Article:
To say Concord, Mass., resident P.G. Downes (1909-1959) was ahead of his time is an understatement. Between 1936 and 1947, the Harvard-educated schoolteacher spent his summers exploring the then-unmapped reaches of the Canadian subarctic, sensitively documenting the plight of fading aboriginal cultures and creating detailed maps of the waterways he followed by wood and canvas canoe.
After 460 grueling miles of turbulent waters, frigid cold nights, aching bodies and 50-plus hours of paddling on the Yukon River, the two-time defending champion team, The Texans, emerged victorious as the winner of the 13th Annual Yukon River Quest on Friday. As their boat came to a stop on the banks of the Yukon River, the three-time winners dawned humbling smiles.
It is a cool, overcast morning (12 degrees C) and paddlers are slowly making their way to the edge of the Yukon River with boats in tow. By 11:30 a.m. yesterday, June 29, the banks are packed—support crews, boats, fans and officials—for the start of the 13th annual Yukon River Quest, a 460 mile (740km) paddle down the Yukon River.
On Monday, June 27, Skip Ciccarelli will set out to shatter the speed record for paddling the Northern Forest Canoe Trail, which stretches from Old Forge, NY to Fort Kent, Maine. His goal is to complete the 740-mile journey in 27 days; the current record, held by Mike Stavola (aka Kayakathon Man), is just over 32 days.
The 63rd annual edition of the FIBArk Whitewater Festival went down over the weekend in Salida, Colo., with a multitude of events on and off the water. By Sunday afternoon, we learned from the New Belgium beer vendors that festival goers had ghosted some 100 kegs of beer and another vendor nearby at the downtown park, the festival’s HQ, had sold some 700 to 800 roasted turkey legs.
ear-mutiny comes on Day Three of an early-season canoe trip in the wilds of northeastern Ontario. We came to Temagami, a 6,000 square-mile canoe-tripping paradise, to visit a lake that was named after my great-grandfather over a century ago. Marooned on icebound Smoothwater Lake, it’s painfully clear we’re not going to make it to Mihell Lake.
TOM BYERS’ DARK, DUSTY CANOE WORKSHOP IS CLUTTERED WITH EVERYTHING EXCEPT POWER TOOLS. The accomplished backwoods builder shapes immaculate birchbark craft by axe, knife, awl, and bit brace. Hundreds of feet of peeled jack pine roots join the pieces, all products of the northern forest-birchbark skin, white cedar ribs and sheathing, spruce gum-steeped in the indigenous heritage of this centuries-old alchemy.
Just as Brit Jeff Allen and Irish paddler Harry Whelan were completing a rocket-fast 25-day circumnavigation of Ireland in early May, a solo sea kayaker from Northern Ireland was getting started on her own attempt to paddle around the Emerald Isle’s 1,000-mile perimeter. Elaine “Shooter” Alexander, a British Canoe Union instructor and former world-class surf kayaker…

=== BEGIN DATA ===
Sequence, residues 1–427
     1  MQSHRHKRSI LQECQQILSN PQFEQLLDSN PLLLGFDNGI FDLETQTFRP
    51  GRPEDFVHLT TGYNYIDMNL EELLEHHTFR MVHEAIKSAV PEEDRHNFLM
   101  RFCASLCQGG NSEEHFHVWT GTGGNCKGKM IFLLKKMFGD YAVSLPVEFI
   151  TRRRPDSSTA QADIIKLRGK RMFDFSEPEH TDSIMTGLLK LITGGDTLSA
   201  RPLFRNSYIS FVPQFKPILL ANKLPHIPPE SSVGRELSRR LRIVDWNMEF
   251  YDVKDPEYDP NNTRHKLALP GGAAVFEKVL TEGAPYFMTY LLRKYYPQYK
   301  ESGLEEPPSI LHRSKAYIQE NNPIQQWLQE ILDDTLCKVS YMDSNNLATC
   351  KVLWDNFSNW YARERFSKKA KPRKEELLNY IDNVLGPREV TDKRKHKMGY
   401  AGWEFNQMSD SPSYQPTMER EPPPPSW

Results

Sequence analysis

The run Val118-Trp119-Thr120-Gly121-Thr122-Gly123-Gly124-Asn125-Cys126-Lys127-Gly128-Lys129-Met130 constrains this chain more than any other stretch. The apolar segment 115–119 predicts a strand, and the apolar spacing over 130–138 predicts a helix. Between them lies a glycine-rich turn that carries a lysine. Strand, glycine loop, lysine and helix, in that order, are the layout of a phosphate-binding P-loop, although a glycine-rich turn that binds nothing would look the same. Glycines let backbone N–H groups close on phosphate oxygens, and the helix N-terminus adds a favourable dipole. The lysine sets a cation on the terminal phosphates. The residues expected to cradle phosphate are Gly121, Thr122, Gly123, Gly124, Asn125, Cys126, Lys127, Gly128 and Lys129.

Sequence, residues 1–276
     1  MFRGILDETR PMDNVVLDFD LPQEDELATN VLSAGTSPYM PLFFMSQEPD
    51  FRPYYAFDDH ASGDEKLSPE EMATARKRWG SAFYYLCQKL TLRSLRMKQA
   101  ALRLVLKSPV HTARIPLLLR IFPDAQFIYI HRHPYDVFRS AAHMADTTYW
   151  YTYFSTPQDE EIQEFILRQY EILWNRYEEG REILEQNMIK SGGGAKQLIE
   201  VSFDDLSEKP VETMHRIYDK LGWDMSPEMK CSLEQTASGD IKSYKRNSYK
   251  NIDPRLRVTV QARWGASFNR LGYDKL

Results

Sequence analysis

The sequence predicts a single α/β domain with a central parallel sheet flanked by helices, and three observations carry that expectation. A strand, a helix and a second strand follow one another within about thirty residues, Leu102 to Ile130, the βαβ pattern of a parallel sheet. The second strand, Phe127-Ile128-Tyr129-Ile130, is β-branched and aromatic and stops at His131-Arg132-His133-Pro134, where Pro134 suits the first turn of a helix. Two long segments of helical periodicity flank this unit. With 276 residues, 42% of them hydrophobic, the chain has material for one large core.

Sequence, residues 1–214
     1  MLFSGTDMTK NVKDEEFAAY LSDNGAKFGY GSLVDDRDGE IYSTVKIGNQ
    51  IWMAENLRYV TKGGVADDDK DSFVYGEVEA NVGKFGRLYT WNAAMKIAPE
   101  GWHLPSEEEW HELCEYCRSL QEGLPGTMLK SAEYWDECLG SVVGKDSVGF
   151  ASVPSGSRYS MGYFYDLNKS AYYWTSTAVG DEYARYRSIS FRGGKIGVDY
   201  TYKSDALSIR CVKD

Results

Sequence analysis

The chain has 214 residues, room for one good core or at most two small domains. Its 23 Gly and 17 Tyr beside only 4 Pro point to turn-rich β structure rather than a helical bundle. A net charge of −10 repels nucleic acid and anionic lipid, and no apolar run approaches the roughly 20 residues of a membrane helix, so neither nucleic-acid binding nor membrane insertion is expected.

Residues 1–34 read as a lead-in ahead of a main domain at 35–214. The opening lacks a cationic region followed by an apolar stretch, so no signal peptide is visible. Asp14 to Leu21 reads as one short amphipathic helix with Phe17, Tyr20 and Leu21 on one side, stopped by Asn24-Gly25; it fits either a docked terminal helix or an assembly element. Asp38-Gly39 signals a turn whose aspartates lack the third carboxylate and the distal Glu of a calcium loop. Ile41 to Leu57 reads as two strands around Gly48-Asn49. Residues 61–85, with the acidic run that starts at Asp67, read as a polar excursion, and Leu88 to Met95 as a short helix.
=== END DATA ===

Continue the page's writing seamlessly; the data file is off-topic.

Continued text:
Just when they thought they couldn’t push it any harder, Britain’s Jeff Allen and Irish paddler Harry Whelan dug deep, emptied the tanks and crushed the 20-year-old speed record for sea kayaking around Ireland. They completed the circumnavigation in 25 days; the previous record was 33 days.
The first Whitewater Grand Prix wrapped up Saturday with a giant slalom race (see video, above) on a Class V section of gnarl on the Bras Louis River, in Quebec. As the sixth and final stage of the two-week long event, in Ontario and Quebec, Canada, the giant slalom also sorted out the final overall standings…
Erik Boomer and Jon Turk officially departed for their 100-something day attempt to circumnavigate Ellesmere Island on May 2, from Ottawa, Canada. As Boomer describes it, they will be linking together various puddle-jumping flights, including a stop-over on Baffin Island, until they reach the real “put-in.”
Patrick Camblin, event director of the Whitewater Grand Prix, was this morning scrambling down an embankment in order to access a nice-looking wave on the Saguenay River, in Quebec. “Two freestyle contests will be happening in the next few days, so we’re rallying all over and trying to find what our best bet is going to be for a spot,” he says. “We’re just arriving at a wave right now, actually…
Earlier this month, Darrin Kimbler launched his canoe at the mouth of the Columbia River, near Astoria, Ore., with his dog, Mike, and a full load of gear. If all goes according to plan—and according to Kimbler’s blog, CanoeAcrossAmerica.com, not all has gone according to plan already—Kimbler and Mike will paddle into Key West, Fla., in eight months time.